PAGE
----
The second question, however, is: do the controls work well? We say ... almost always. The "problem" of Struggling is that it is based precisely on the idea of ​​struggling and controlling a character in a strange, deliberately uncomfortable way. We control the hands and move them using arms that are almost tentacles which can then tangle on themselves and self-lock in place. On the other hand, when we anchor one hand to the ground, our control will shift to the shoulder which can push the body in the desired direction, as long as the slope of the ground, inertia and the other arm help. When we take off an arm, we will no longer have the support of the body, so we will have to think about the movements differently. The control system is therefore layered and ever-changing and, in the first stages, your head may burst (not literally, although in the game it happens all the time to the characters) in an attempt to understand how to move the character correctly. Unfortunately, sometimes the arms get stuck in the ground or between them and, every now and then, the character freezes on himself and makes it impossible to move quickly: various phases are full of traps or are timed, so even just an indecision involves a game over for which we are not to blame.

A nonsense plot

There are also some unique sections in Struggling

Struggling shares with Getting over it with Bennet Foddy the atypical nature of the control system and the will to give the player a demanding challenge (Foddy's game is much more difficult, mind you), but certainly does not share the narrative component. Foddy has created a game that discusses consumerism and digital culture, video game art and the concept of difficulty and frustration, which he sees as a positive, if perhaps a little masochistic, force.

Stuggling is a game about a ball of flesh that screams in pain all the time and releases farts when it loses its arms. Don't expect a sensible game world, in fact, be prepared for some sections too completely nonsense. For the record, however, we specify that there is a kind of plot.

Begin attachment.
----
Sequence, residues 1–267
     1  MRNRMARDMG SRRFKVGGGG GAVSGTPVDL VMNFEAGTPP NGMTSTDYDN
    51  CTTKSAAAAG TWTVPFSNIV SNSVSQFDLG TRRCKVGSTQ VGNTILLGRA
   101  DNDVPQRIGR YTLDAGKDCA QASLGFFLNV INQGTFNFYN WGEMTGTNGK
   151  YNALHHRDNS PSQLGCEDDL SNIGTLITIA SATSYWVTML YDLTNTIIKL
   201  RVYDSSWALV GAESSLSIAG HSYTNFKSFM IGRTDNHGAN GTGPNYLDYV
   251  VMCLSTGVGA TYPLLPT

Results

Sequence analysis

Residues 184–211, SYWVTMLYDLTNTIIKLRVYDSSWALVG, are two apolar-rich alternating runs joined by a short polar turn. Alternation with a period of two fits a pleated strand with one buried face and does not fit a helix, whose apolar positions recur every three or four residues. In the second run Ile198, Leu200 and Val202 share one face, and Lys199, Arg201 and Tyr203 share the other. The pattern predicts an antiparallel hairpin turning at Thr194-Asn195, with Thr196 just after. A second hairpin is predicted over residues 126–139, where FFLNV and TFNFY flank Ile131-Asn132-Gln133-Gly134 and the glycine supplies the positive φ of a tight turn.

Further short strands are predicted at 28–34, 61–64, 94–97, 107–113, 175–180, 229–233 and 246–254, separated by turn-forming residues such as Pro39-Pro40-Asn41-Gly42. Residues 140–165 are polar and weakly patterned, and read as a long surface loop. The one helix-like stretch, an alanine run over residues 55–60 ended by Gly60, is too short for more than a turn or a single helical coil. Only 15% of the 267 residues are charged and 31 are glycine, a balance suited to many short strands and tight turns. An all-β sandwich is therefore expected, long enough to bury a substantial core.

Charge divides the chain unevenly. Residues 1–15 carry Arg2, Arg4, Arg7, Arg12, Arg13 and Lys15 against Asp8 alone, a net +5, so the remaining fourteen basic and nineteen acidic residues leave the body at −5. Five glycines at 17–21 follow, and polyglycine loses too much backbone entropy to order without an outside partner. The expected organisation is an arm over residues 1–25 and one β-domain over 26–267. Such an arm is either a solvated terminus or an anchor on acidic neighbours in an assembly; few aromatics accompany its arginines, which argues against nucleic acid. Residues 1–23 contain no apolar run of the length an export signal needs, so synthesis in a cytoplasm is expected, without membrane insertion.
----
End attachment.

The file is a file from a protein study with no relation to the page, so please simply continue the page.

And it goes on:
By grabbing the javelins you can travel at great speed in Struggling

In ancient times, humanity was saved from Evil by some Heroes (deformed humans, in essence). A King, however, chased away the Heroes who finally disappeared, leaving to posterity a prophecy linked to two brothers who would reunite the community of Heroes. In modern times the prophecy comes true, with the only problem that Hector and Achilles are almost brainless, deformed to the point of unbelievable and that the world is now in disarray. The whole adventure goes back to ancient Greece, with characters such as Ulysses, Pandora, Paris and so on, who however have little nothing of the original figures, as they are also beings with poor physical and intellectual abilities. Basically, judging Struggling for the narrative component makes little sense, because it itself doesn't try to give the whole game a purpose.

Even the ambienti vary randomly, going from a laboratory, to caves, to a canyon in perfect Far West style, arriving at a dream world in which the developers have completely abandoned all constraints and have only mixed random things one after the other. 'other. Stylistically, Struggling is not very original, a very classic full-color cartoon. It is not anything unique, but it does its duty. Pleasant also the sonoro: the music can be heard, but it is the screams of suffering from Ettore and Achille that make the difference; more than once we realized that we had an expression of pure disgust on our face (in a positive sense, eh) in seeing and hearing the tribulations of the characters.


Tested version PlayStation 4


Readers (5)


Your vote

Struggling is a strange product, which wants to make us work hard and also suffer. If you are looking for an atypical platformer, you are not afraid of the challenge (not too long, in any case: we finished in 6 hours) and you do not care that a real plot is missing, then you should give it a chance. If you know you have little patience and for you video games must always accompany the player without putting him too much in difficulty, then stay very far from this title.


  • The levels are unforgiving, but they are well done
  • Pleasantly atypical control system
  • It gets frustrating easily
  • Sometimes we lose control over the character, without being to blame